What I miss about the UK and what I would miss here

Homesickness is common and can be hard to get your head around at first. Alexis Goldberg, the France Buying Guide’s writer on the ground, offers us her take on what she misses most from the UK (as well as what she would miss if she moved back!)

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“We are often asked this question: what do you miss about living in the UK? The short answer is: very little indeed! Once you move away from the UK, life takes on a completely different perspective (- as indeed does the UK itself!). It seems so small over there now – which I suppose brings me on to what we would miss if we were to move back to the UK and the short answer to that is: a lot!

I think most expats would say that they miss family and friends the most – not “things”. It’s true that you will no longer be able to pop in on a relative or friend and there are definitely times when you wish they were all a little closer.

Having said that, in our case, three of our four children live abroad anyway and the times we DO spend with friends and family when they visit us here are special and are for longer periods than, say, an evening or a meet up for a quick coffee. It’s far more relaxing to catch up properly, and our friends know that they don’t have to drive home at the end of the evening! So missing friends and family is something one does not really dwell on a great deal. In addition, it’s worth noting that these days, living anywhere in Europe means only a short hop back to the UK. 

When we first came to live in France, I suppose it is true to say we missed shops being open all through the day. The general closing time between midday and 2pm does take a bit of getting used to, but you quickly adapts to this way of life and realises that a proper lunch break is good for us all.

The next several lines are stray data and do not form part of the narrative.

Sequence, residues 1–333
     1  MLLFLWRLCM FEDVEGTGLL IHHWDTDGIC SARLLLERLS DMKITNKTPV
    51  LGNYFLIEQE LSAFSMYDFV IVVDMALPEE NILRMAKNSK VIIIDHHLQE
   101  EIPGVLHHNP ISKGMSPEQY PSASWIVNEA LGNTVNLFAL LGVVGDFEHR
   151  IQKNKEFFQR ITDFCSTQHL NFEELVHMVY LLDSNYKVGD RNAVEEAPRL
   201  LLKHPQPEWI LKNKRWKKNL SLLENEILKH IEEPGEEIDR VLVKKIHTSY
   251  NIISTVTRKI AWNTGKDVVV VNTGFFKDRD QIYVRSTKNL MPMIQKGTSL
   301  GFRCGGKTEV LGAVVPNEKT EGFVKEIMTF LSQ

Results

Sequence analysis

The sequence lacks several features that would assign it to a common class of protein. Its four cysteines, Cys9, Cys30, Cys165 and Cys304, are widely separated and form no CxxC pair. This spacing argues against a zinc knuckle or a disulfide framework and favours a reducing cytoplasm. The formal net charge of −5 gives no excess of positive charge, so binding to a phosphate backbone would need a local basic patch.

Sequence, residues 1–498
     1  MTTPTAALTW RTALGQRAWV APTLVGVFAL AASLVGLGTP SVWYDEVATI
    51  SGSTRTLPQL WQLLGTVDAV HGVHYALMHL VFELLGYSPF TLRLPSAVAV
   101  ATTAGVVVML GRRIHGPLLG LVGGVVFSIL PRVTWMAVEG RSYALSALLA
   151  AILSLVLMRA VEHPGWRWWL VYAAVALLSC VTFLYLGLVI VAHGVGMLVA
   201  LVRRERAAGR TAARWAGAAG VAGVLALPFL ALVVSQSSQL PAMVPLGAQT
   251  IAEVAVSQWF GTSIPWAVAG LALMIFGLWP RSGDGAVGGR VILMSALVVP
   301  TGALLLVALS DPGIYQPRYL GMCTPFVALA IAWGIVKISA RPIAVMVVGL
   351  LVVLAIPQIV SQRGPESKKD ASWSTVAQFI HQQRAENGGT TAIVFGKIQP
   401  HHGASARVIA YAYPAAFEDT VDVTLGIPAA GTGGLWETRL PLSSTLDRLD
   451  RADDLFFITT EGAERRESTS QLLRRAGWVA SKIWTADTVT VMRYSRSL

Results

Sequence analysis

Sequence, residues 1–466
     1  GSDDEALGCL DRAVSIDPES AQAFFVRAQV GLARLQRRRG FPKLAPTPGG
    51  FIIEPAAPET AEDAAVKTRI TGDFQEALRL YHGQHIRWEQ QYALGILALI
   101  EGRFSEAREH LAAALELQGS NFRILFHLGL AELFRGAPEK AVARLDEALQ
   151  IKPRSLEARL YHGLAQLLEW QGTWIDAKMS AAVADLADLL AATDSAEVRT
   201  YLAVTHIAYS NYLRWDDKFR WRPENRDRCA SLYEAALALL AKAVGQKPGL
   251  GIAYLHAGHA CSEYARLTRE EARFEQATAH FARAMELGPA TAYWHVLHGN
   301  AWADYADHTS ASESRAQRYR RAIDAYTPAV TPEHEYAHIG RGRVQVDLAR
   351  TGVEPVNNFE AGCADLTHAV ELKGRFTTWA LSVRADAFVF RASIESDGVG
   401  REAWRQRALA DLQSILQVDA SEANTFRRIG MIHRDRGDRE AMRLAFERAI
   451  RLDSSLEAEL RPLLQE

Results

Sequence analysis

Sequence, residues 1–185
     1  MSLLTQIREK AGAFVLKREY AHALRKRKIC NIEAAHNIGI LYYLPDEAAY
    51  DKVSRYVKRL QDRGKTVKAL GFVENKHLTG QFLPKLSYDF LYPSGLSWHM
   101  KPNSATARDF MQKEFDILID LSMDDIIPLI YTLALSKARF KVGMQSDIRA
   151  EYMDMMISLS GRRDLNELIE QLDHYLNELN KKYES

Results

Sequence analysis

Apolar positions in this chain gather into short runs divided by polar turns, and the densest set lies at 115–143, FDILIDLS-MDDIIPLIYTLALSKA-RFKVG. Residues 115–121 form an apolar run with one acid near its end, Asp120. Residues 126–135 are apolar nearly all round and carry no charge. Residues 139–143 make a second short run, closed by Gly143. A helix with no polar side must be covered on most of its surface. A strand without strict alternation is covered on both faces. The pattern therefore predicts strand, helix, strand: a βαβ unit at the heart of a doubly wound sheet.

It is also true to say that the wealth of convenience foods in the UK is something which I have occasionally missed, certainly at the beginning. However, now I relish mooching around the wonderful markets, picking out the freshest ingredients and creating my own meals. Whatever anyone says, they always taste better and one feels much more creative in the kitchen!

Most supermarkets here in the South of France have an English section (along with a Spanish, Mexican and Chinese section too…) where you can buy such staples as baked beans, chocolate digestives, marmite, good old PG Tips and so on. Yes, tea can be slightly on the dodgy side here (i.e. weak) so this is something we tend to stock up on when we return to the UK or get friends to bring over with them (although you can get it here, it is much more expensive).

English books? We have two or three bookshops which stock them and nowadays the French have clocked on to the fact that their neighbours, us Brits, love their country and they cater for us all around.

We have English TV here too, so my husband can still get his sports fix. He does sometimes say watching Formula 1 with French commentary is not quite the same. The French love their sports though – ok, they don’t quite “get” cricket – but if you are a rugby or football fan, you will find all the main games on major channels on French TV, albeit in French.

My son-in-law, who lives in Germany, would say that he misses cricket and cheddar cheese. My son, who lives in the US, would say he misses good old English pubs. These are things that do not spoil one’s life abroad, but instead become things to look forward to on visits back to the UK.

I think if we were to go back to the UK now we would, as I said at the start, miss a whole host of things here in the South of France: the space, the climate, the relaxed way of life, the wonderful fresh food (and wine…!), the Mediterranean Sea, the ability to get in your car and be in Spain in an hour, the sense of community…I could go on!

For most people there will always be a certain nostalgia for one’s home country, but this is really not something to lose any sleep over. Vive la France!

One final thought – if you are about to leave for your new home or are in the process of repatriating back to the UK, one of the most important things that you can do is consult a currency expert about how best to transfer your funds. You can save a small fortune by using a company like Smart Currency Exchange, who don’t charge fees on transfers and who offer exchange rates that are typically 2-4 % better than high street banks, for your international transfers. To read more about all of the ways they can help you save those valuable pennies, download their handy free report.”

If you haven't done so already, download your free copy of the France Buying Guide.


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